Because the answer to any major life decision is highly particularized, it’s foolish to perform one set of calculations trying to settle the matter and claim the results apply to everyone. In an attempt to be less foolish, Schlunk stipulates three hypothetical undergraduates with different backgrounds and considers their situations in parallel. (Note: I’m borrowing Schlunk’s names for the students out of convenience).

Let’s meet them.

Also Ran is an undergraduate at a middle-of-the-pack university. He achieves above average grades in a relatively nonmarketable major and could have earned $47,000 in a non-legal job after graduation. He, by Schlunk’s account, “claws his way” into a second/third tier law school and has about a 20% chance of getting a lucrative “biglaw” job after graduation.

Solid performer went to a better college and made good grades in a more marketable major (think economics vs English). He makes his way into a mid tier law school but could have earned $66,000 had he chose to jump into the workforce. As a JD, he has a 55% chance of getting a cushy biglaw job.

Last, we have Hot Prospect. She is the most conventionally successful of the bunch, having a stellar academic record in a marketable major (CS/math/engineering) at an elite undergraduate institution. She gets into another elite university for law school but could have made $83,000 in her first year out of undergrad. However, biglaw jobs aren’t a certainty for anyone, including her. She has a 90% chance of getting one after law school.

Step 2: opportunity cost

If someone decides to go to law school, or pursue any other type of post-graduate education, they are missing out on potential wages. Of course, not all of what you make goes straight into your pocket. In the table below, I subtract various taxes from the salaries each student could have made in their first year of employment. The FICA tax rate I used was 6.2%, and all three students happened to fall in the same Federal income tax bracket given their first year salaries.

State taxes are trickier as schemes vary wildly across the nation. States like Minnesota and California have a multi-tiered system with differing marginal tax rates. Others, like Massachussets and Utah, have a single rate for all income. To further complicate things, Texas, Nevada, Washington, and Florida have no state income tax at all.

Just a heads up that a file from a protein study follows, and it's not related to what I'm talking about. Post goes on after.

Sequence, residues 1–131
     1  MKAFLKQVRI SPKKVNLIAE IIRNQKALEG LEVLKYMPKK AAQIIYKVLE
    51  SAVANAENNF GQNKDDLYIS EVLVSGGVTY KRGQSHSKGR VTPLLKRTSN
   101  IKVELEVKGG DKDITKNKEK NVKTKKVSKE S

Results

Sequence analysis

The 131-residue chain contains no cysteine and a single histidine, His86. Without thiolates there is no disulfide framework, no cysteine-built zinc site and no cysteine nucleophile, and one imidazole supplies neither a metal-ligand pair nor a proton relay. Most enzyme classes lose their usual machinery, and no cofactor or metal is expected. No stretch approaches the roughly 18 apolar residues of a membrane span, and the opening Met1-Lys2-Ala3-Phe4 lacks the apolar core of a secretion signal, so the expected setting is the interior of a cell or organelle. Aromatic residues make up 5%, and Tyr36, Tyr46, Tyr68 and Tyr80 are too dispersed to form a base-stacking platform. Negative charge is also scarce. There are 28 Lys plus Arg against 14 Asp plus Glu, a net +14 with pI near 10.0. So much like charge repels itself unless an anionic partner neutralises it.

To simplify my calculations, I’ll make a move similar to what Schlunk did and assume a flat 4.5% state tax rate. This might significantly over or understate the amount of taxes you would pay in most states, but it’s an accurate figure if you’re living in Illionois, for example, with a 4.95% flat rate.

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Table 1

Based on the assumptions above, this is the opportuntity cost for each student of going to law school for a single year. Note that it typically takes three years of schooling to get the degree. I could multiply each figure by three, but that wouldn’t account for raises in pay commensurate with increases in productivity. In his calculations, Schlunk accounts for this by bumping pay 3.5% a year but acknowledges this figure might be too low. I assumed a 4% growth in yearly wages and ran the numbers again.

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Table 2

The hypothetical fourth year is included to illustrate what kind of earnings a potential JD could expect her fourth year post-undergrad had she joined the workforce instead of going to law school. Later, we will compare it to what she would likely earn as a freshly-minted lawyer.

Now, the (rough) financial opportunity cost can be obtained by summing the first, second, and third year after tax incomes.

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Table 3

Already, law school isn’t looking good. The financial benefits must be large in order to justify passing on $110,000-$185,000. Unfortunately, this is only the opportunity cost. In the next part, we will consider the greatest explicit expense to getting a JD.